One would be hard-pressed to find two people more enthusiastic about Wheaton College than Duane ’76 and Jill Mitchell Rommel ’77.
Duane, a pre-med chemistry major, and Jill, a Christian education major, met at Wheaton College. They have fond memories of snowball fights, conversational dinners, and youthful antics including a time the women shaved the men’s beards, blindfolded.
“I felt terrible because I cut Duane up a bit,” says Jill. Not only did the promising pediatrician-to-be forgive her for the spotty shave, but he also attended Jill’s Concert Choir performances and grew to love the music as much as she did.
The couple married in 1977 and eventually settled in Minneapolis. But they paid frequent visits to campus, especially during the attendance of sons Mike ’02 and Jeffrey ’04.
Over the years, Jill has put her Christian education major and musical training to use as a choral singer, church worship coordinator, and children’s ministry leader. In 2007, she created a curriculum based on the Gospel of John that she and Duane presented to teen residents of a Tampa Bay correctional facility.
The Rommels wholeheartedly support the From the Heart, For the Kingdom’s new Armerding Center for Music and the Arts. Jill serves on the Performing Arts Campaign Cabinet, and both she and Duane continue in faithful prayer for the center’s full funding.
“The quality of what Concert Choir Director Dr. John William Trotter and Women’s Chorale and Men’s Glee Club Director Dr. Mary Hopper ’73 are doing with students is beautiful,” says Jill. “I know the music reaches people. And I love that Wheaton students are immersed in the truth of what they are singing.”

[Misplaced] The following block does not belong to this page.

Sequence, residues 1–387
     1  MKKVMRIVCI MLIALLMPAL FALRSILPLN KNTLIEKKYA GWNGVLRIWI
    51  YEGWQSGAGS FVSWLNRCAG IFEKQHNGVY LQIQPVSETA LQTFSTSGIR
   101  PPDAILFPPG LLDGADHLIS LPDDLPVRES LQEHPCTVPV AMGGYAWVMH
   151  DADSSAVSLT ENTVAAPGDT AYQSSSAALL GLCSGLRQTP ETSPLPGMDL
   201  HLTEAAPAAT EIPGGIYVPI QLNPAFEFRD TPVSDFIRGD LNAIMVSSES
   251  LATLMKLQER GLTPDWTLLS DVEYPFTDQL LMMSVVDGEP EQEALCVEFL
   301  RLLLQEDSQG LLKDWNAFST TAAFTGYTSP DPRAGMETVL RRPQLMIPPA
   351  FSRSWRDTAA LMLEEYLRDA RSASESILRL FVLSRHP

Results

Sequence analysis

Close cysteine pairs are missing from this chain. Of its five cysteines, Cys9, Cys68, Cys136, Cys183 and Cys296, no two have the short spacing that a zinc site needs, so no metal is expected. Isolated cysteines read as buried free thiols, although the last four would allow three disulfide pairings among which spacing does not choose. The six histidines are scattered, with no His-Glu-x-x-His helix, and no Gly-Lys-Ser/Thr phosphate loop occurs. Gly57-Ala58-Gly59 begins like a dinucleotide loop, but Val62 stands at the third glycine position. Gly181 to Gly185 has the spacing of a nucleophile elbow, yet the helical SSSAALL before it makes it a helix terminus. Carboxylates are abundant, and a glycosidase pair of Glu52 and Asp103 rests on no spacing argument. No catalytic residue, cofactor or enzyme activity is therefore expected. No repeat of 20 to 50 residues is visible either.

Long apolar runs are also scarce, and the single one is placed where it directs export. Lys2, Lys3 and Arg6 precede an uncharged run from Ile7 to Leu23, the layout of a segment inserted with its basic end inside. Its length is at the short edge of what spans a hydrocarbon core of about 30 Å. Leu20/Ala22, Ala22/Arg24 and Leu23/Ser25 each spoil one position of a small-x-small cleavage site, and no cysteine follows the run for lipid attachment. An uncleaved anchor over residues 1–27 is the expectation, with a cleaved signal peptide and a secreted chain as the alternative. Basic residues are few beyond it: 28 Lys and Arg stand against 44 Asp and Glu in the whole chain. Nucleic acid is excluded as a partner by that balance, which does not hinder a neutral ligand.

A number of fellow Concert Choir members, including Donna Oerth Johnson ’76 and Larry Shackley ’77, have joined the Rommels in encouraging Concert Choir friends to fund a room in honor of their beloved former choir director, Mr. Rex Hicks, who served as a Wheaton professor of choral music and director of the Concert Choir and Women’s Glee Club from 1963 to 1981.
With memories of practicing in Pierce Chapel’s cramped basement and performing in Edman Chapel’s auditorium, Jill is excited by the prospect of a completed Armerding Center that will offer students a centrally located, state-of-the-art practice and performance space, complete with an acoustically perfect concert hall.
In today’s media-driven culture, ensuring that Wheaton’s vibrant artistic and musical community continues to thrive is important to the Rommels.
So is honoring the significant impact of the College on their life trajectories.
“A Wheaton education is life-changing,” says Jill. “We want to support Wheaton College so that it can continue to be the kind of life-giving place for others that it was for us.”